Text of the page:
"Coffee and Cigarettes"

Cate Blanchett, Roberto Benigni, Bill Murray, Iggy Pop and Tom Waits are just a few of the familiar faces that pop up in Jim Jarmusch's 11 vignettes in search of a movie.


Stephanie Zacharek
May 15, 2004 12:00AM (UTC)

Some of Jim Jarmusch's pictures have such maddeningly irregular rhythms that they threaten to throw your heartbeat off kilter: His 1986 "Down by Law," for example, was the kind of picture that sweeps its audience around like a limp rag doll -- the more rigidly you resisted its lopsided charms, the more likely it was to drive you crazy. But with later pictures like the 2000 "Ghost Dog: The Way of the Samurai" and the superb, lyrical "Dead Man," Jarmusch learned to marshal his storytelling skills without squelching what's individual or interesting about them. His movies tend to move rather slowly, but they manage to hold your attention -- they can be an invigorating narcotic.

"Coffee and Cigarettes" is less one big movie than a coordinated set of mini-movies -- something of a now-and-then knitting project that Jarmusch has put together in bits and pieces over the past few years. (He has another similar project in the works.) Jarmusch both wrote and directed the 11 segments that make up "Coffee and Cigarettes." Each one features two or three characters connecting (or, perhaps more accurately, misconnecting) over cups of coffee and, yes, those much-villainized pleasure-delivery receptacles known as cigarettes.

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Most of the characters are played by people you've probably heard of, and the characters they play are something like themselves, and yet not. "Strange to Meet You" features jittery comedian Roberto Benigni and the much drier Steven Wright bouncing their lines off the walls around them more than off each other. In "Somewhere in California," Iggy Pop and Tom Waits butt heads, gently, each finding ways to slight the other's career: Waits brags about being an M.D. and a musician; Pop mentions casually that the coffee shop's jukebox doesn't have any of Waits' songs on it. Waits brags about having quit smoking and then announces, devilishly, that once you've quit, it's OK to start up again -- because, he says, as a way of validating his cheerfully warped logic, "you've quit!" He and Pop then proceed to light up, and the look of pleasure on their faces is almost obscene. ("Coffee and Cigarettes" is, thank God, a movie made for adults capable of making up their own minds about smoking. Former smokers, especially, sometimes enjoy living vicariously, seeing people in the movies do things that they themselves no longer can.)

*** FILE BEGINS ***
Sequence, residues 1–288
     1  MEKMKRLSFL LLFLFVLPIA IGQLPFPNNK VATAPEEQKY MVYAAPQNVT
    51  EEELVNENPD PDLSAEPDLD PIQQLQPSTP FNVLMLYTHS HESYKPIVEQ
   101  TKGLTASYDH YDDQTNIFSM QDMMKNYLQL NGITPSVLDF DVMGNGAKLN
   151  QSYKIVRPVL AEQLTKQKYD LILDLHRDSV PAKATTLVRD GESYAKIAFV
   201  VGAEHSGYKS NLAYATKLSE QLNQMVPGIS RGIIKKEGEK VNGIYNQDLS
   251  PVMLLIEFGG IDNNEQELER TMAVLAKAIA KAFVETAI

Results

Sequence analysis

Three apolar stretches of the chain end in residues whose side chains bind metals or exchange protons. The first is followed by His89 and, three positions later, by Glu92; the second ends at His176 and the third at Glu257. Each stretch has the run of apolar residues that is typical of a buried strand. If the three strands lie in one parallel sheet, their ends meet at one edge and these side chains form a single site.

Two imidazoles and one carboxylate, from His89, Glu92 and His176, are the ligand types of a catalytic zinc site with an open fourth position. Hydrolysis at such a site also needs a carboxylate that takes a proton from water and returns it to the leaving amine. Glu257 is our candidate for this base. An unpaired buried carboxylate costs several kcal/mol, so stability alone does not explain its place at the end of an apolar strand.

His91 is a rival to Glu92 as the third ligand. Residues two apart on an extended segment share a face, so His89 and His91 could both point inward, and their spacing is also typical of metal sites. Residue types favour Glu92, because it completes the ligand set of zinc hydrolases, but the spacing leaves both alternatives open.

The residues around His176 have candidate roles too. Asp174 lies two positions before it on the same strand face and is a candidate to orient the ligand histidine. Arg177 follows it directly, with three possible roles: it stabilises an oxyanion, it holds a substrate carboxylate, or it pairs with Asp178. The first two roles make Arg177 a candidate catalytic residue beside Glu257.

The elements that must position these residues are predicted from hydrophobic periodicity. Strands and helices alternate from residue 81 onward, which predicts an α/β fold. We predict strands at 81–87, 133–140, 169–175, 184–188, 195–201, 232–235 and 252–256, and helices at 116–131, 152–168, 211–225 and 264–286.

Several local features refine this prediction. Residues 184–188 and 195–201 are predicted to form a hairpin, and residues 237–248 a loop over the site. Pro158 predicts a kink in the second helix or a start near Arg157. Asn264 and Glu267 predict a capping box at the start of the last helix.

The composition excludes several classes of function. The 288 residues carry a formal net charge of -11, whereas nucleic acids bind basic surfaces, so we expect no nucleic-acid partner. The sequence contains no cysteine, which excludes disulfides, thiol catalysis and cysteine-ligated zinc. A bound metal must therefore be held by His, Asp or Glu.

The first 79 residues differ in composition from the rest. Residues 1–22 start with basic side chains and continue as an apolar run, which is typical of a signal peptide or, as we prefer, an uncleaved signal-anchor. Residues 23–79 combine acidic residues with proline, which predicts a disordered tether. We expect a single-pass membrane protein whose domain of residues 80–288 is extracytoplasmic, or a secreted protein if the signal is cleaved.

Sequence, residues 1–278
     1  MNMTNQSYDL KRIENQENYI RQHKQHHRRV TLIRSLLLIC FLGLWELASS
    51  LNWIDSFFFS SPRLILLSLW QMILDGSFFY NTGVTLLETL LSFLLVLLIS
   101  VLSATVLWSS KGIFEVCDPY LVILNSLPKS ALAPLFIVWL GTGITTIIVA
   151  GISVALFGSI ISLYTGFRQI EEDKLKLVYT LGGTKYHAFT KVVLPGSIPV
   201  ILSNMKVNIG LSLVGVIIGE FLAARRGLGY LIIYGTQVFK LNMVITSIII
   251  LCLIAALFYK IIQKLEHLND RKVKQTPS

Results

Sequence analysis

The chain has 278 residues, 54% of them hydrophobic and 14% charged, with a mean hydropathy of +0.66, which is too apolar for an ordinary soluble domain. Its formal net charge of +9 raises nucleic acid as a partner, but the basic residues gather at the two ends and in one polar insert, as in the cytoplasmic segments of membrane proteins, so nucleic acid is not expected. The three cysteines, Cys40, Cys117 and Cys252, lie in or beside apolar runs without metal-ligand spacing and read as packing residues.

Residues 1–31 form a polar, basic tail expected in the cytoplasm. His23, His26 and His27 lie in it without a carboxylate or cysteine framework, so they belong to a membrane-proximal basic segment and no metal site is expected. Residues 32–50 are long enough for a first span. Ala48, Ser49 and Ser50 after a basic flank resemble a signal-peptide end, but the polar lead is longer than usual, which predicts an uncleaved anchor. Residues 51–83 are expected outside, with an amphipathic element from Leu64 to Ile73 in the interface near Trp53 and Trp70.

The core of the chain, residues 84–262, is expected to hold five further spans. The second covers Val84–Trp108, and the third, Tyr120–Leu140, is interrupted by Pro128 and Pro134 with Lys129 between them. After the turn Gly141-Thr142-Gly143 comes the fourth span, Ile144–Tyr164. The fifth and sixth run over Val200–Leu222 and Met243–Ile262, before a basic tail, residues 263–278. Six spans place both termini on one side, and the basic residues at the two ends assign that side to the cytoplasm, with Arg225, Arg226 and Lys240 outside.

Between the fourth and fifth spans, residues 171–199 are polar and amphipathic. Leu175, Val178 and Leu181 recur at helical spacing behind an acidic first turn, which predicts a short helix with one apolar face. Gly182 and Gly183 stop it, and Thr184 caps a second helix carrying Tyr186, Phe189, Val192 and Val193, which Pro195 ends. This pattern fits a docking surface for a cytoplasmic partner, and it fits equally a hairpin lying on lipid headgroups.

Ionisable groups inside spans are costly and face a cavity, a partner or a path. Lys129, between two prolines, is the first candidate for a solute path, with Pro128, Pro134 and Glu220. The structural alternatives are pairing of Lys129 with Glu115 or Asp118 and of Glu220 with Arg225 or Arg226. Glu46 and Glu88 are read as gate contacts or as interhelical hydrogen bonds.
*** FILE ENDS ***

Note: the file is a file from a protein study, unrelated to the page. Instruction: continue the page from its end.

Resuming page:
In "Cousins," Cate Blanchett plays a sweet but vaguely self-satisfied movie star who deigns to meet her punkish cousin Shelly (also played by Blanchett) in the lobby of the hotel where she's doing a junket. Shelly resents Cate's success, and while Cate tries to be sweet to Shelly, she barely hides her condescension. Cate gives Shelly some expensive perfume; Shelly thanks her appreciatively and then asks suspiciously if it's swag; Cate finally admits, defensively, that it is. Their conversation wobbles and weaves, sometimes unsteadily and sometimes sharply; it's unmooring for us as well as for them, but it's funny too.

The vignette format suits Jarmusch: Working on a small scale frees him to explore the varying textures and strangeness of real-life conversations, the way our discourse sometimes worms its way into corners it can't work itself out of, particularly when there are stimulants (in other words, caffeine or tobacco) involved. Certain topics surface repeatedly and randomly: the idea of coffee and cigarettes as a decidedly unhealthy lunch, Nikola Tesla's theory of the earth as a conductor of acoustical resonance, and the practice of freezing coffee in ice-cube trays to make caffeinated ice-pops.